Date of Original Version
Abstract or Description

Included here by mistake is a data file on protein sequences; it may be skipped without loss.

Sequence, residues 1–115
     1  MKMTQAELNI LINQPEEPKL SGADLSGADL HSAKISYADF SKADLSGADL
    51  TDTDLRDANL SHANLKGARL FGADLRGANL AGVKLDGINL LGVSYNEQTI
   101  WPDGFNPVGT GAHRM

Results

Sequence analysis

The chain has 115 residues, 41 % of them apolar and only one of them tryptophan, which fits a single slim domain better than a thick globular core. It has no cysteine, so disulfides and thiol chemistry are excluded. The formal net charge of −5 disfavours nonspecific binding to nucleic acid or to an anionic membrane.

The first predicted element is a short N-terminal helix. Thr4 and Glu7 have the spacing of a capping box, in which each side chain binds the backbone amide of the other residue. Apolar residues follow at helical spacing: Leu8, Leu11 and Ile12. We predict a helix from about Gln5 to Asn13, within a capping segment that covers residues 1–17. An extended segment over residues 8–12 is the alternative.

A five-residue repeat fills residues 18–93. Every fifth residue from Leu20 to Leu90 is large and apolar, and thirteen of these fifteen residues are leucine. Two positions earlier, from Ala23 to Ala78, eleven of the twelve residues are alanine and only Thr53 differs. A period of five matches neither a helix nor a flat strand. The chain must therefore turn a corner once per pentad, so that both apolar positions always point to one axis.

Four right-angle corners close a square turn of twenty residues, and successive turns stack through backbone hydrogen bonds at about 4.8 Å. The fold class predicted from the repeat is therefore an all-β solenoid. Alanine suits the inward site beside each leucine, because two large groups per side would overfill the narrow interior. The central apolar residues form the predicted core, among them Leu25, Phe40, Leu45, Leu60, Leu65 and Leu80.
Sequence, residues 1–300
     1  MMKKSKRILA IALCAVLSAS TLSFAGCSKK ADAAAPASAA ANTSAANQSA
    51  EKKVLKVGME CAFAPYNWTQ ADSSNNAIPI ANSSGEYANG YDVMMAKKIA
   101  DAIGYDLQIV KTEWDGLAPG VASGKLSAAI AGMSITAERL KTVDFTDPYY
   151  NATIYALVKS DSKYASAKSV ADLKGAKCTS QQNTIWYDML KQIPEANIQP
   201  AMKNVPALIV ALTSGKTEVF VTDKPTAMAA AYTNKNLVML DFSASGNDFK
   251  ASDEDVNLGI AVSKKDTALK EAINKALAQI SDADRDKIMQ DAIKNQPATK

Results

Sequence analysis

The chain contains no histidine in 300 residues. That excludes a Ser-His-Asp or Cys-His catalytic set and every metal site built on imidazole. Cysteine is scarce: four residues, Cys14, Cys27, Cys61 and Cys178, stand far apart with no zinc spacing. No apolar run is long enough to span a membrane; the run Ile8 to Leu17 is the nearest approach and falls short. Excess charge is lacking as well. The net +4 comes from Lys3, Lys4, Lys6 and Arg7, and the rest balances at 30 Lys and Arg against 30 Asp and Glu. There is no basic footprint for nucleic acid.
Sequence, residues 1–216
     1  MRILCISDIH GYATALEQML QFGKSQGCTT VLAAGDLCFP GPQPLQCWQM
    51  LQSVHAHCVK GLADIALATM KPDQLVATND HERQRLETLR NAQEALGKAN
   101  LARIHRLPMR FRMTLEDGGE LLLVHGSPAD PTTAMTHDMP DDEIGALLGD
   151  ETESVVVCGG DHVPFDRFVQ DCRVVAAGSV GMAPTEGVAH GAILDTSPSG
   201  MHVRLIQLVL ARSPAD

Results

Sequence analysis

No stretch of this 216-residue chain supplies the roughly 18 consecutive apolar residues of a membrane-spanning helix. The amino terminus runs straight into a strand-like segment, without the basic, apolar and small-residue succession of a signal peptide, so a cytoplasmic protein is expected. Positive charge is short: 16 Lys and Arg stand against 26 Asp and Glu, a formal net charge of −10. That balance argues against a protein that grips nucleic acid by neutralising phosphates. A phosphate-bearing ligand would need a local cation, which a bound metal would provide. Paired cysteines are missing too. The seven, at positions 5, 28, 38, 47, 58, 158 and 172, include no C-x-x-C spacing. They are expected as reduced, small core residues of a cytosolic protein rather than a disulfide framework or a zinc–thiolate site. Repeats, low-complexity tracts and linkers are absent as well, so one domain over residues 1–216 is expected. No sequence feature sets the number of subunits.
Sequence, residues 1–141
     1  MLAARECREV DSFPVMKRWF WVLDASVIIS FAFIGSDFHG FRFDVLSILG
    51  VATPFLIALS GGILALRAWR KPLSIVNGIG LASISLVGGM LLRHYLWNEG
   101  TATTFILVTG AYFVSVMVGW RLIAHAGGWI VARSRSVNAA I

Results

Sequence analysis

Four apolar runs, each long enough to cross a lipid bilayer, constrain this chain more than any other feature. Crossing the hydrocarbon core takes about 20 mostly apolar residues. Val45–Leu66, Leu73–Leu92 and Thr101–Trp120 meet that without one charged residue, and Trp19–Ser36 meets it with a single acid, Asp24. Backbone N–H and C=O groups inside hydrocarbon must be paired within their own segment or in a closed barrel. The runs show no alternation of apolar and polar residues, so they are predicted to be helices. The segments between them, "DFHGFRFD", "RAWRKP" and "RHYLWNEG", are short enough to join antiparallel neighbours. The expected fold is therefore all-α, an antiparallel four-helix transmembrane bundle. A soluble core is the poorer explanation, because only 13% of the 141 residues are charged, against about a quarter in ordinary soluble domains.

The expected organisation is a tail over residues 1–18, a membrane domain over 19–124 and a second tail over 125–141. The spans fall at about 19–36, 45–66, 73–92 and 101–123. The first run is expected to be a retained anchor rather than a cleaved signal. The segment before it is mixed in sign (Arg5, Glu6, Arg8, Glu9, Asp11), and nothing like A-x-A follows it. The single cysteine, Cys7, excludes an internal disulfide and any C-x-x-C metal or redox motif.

Meteorites are the only significant source of material from other planets and asteroids, and therefore are of immense scientific value. Antarctica’s frozen and pristine environment has proven to be the best place on Earth to harvest meteorite specimens. The lack of melting and surface erosion keep meteorite falls visible on the ice surface in pristine condition for thousands of years. In this article we describe the robotic technologies and field demonstration that enabled the first discovery of Antarctic meteorites by a robot. Using a novel autonomous control architecture, specialized science sensing, combined manipulation and visual servoing, and Bayesian classification, the Nomad robot found and classified five indigenous meteorites during an expedition to the remote site of Elephant Moraine in January 2000. This article first overviews Nomad’s mechatronic systems, and details the control architecture that governs the robot’s autonomy and classifier that enables the autonomous interpretation of scientific data. It then focuses on the technical results achieved during field demonstrations at Elephant Moraine. Finally, the article discusses the benefits and limitations of robotic autonomy in science missions. Science autonomy is shown as a capable and expandable architecture for exploration and in situ classification. Inefficiencies in the existing implementation are explained with a focus on important lessons that outline future work.